Gum and teeth change
During pregnancy, your gums are more likely to become inflamed or infected. Most pregnant women have some bleeding of their gums, especially while brushing or flossing their teeth. Inflamed gums are called "gingivitis." Infected gums are called "periodontal disease." You may also notice that your mouth produces more saliva during pregnancy. Your gums and teeth may change during pregnancy because of:
- Hormonal changes
- Increased blood flow throughout your body that can cause swelling, sensitivity and tenderness in your gums
It's important to keep you gums and teeth healthy during pregnancy.
Keep teeth and gums clean.
- If possible, brush after every meal for at least 5 minutes at a time.
- Floss daily. If possible, floss after every meal.
Be gentle with your teeth and gums.
- Use a soft-bristled brush and brush gently.
- If you have a lot of sensitivity, try using toothpaste designed for sensitive gums.
- If your gums hurt after brushing, apply ice to soothe the pain.
Cut down on sweets.
- Candy, cookies, cake, soft drinks and other sweets can contribute to gum disease and tooth decay.
- Instead, have fresh fruit or make other healthy choices to satisfy your sweet tooth.
Get regular dental care.
- If left unchecked, some conditions, like gingivitis, may lead to more serious gum disease.
- Be sure to have a dental checkup early in pregnancy to help your mouth remain healthy.
- You may even want to see your dentist more often than usual.
Don't put off dental work until after delivery.
- Decaying teeth can cause infection that could harm your baby.
- Always be sure to tell your dentist that you're pregnant and how far along you are.
Schedule a dental appointment immediately if:
- Your gums bleed a lot
- Your gums are painful
- You have bad breath that doesn't go away
- You lose a tooth
- You have a lump or growth in your mouth
- You have pain in a tooth
Download a brochure from the National Maternal and Child Oral Health Resource Center.
Most common questions
How do you know you're pregnant?
Knowing the signs of pregnancy can help you tell if you’re pregnant. Here are some signs that you might be pregnant:
If you have any of these pregnancy signs and think you may be pregnant, go to your health care provider. The sooner you know you're pregnant, the sooner you can begin prenatal checkups and start taking good care of yourself and your growing baby.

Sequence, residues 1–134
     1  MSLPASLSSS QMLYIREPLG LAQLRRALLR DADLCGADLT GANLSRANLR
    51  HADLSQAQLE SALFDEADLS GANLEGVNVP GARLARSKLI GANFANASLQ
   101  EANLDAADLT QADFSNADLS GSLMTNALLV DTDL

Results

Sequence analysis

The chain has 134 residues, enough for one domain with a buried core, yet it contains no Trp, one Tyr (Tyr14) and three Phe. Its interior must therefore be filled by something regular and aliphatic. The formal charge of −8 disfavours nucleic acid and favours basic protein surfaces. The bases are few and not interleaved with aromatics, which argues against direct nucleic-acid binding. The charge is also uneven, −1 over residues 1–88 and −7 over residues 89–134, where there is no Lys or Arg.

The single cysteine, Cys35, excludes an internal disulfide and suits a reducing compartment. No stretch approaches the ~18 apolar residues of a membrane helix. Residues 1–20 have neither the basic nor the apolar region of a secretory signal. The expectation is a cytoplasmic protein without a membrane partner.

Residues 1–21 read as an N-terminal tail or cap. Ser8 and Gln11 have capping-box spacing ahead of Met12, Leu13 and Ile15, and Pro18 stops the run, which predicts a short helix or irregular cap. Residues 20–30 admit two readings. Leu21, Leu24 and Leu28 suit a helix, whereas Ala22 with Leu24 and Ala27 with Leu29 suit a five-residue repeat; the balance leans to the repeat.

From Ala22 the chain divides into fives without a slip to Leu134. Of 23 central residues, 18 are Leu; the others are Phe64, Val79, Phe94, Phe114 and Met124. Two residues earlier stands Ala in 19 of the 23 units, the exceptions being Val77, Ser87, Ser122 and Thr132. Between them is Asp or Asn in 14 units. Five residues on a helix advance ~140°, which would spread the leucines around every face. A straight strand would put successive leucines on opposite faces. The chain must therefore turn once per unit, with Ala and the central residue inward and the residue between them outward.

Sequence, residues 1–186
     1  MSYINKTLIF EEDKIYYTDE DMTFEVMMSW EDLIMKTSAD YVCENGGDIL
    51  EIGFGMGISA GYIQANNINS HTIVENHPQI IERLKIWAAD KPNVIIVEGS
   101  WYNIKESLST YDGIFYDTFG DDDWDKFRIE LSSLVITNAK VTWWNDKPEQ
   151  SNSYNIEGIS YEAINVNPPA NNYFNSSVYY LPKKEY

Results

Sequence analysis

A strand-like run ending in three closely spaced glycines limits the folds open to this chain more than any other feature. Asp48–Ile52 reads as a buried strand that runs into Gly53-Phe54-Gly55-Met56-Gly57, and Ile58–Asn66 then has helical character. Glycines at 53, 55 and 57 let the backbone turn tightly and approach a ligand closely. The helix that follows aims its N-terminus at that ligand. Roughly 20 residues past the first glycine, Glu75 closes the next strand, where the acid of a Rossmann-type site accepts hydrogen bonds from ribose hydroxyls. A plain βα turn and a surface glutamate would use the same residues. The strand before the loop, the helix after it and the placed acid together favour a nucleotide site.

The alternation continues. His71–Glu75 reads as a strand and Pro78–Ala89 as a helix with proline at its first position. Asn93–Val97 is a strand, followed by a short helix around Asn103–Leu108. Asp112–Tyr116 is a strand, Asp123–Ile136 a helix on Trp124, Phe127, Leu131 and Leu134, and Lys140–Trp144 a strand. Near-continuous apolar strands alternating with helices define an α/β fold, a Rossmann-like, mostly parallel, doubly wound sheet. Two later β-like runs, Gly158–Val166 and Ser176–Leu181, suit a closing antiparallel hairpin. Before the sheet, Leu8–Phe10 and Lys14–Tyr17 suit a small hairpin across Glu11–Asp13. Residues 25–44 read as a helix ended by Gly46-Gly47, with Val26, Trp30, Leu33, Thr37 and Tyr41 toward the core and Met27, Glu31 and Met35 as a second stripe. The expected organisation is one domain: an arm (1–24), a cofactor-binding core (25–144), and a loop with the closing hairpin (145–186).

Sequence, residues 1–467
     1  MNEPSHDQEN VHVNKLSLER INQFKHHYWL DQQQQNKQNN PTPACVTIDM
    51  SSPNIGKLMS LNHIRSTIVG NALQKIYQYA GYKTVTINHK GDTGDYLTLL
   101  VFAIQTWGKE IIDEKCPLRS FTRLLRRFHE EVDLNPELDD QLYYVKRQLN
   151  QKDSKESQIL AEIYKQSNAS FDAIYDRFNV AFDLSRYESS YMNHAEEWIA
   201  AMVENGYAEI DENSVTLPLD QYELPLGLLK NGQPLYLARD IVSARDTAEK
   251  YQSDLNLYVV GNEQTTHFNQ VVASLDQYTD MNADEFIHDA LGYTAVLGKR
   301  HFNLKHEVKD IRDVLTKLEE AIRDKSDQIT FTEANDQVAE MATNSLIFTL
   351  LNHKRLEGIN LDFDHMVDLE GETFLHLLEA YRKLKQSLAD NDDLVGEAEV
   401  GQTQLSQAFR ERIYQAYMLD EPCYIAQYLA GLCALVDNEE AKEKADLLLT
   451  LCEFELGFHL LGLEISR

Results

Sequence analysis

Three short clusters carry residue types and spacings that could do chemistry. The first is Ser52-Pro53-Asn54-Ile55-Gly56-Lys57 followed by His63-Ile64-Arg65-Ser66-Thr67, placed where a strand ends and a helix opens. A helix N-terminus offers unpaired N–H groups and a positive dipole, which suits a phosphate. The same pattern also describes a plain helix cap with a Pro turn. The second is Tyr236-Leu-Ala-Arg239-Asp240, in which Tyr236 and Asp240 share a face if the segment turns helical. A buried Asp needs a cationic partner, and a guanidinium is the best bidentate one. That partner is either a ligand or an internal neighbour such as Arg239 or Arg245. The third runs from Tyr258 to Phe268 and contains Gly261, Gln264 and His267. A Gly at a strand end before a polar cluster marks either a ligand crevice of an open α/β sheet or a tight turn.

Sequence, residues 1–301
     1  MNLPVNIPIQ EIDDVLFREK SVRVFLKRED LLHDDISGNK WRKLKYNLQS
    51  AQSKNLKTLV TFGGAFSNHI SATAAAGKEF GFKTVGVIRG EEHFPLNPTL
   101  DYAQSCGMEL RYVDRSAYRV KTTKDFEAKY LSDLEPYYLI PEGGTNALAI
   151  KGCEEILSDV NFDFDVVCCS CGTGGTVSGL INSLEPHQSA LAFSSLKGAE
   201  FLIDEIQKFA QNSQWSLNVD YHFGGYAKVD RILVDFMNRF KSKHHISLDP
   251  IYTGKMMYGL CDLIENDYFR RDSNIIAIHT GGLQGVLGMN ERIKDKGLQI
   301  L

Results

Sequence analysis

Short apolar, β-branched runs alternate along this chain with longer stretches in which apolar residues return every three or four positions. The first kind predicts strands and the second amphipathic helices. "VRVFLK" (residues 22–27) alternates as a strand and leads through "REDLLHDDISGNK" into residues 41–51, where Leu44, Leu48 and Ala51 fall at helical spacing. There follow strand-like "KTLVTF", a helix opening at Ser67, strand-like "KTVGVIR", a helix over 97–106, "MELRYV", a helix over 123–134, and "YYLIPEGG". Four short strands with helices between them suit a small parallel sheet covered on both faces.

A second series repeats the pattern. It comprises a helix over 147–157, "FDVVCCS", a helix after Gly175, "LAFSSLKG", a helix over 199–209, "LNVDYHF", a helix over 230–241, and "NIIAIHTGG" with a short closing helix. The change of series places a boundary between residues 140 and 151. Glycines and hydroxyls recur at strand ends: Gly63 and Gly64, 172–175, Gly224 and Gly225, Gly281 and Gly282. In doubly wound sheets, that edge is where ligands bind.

Is my baby moving enough?
You'll start feeling your baby's kicks at around the 28th week of pregnancy. By this time, your baby's movements are usually well established and some health care providers recommend keeping track of these movements.
- Track kick counts at about the same time each day when your baby is active.
- Track kick counts shortly after you've eaten a meal (when your baby may be most active).
- Sit or lay on your side, place your hands on your belly and monitor baby's movement.
- Mark every movement down on a piece of paper. Don't count baby's hiccups.
Keep counting until you've felt 10 movements from baby. If baby doesn't move 10 times within 1 hour, try again later that day. Call your health provider if your baby's movement seems unusual or you've tried more than once that day and can't feel baby move 10 times or more during 1 hour.
When will I start feeling my baby move?
Popcorn popping. A little fish swimming. Bubbles. Butterflies. Tickles. These are common words used by women to describe their baby's first movements. Also known as "quickening," it's a reassuring sign that your baby is OK and growing. This milestone typically starts sometime between 18 to 25 weeks into pregnancy. For first-time moms, it may occur closer to 25 weeks, and for second- or third-time moms, it may happen much sooner.
At first it may be difficult to tell the difference between gas and your baby moving. You might not feel movement as early as you are expecting to feel it, but you'll notice a pattern soon. You'll start to learn when the baby is most active and what seems to get her moving.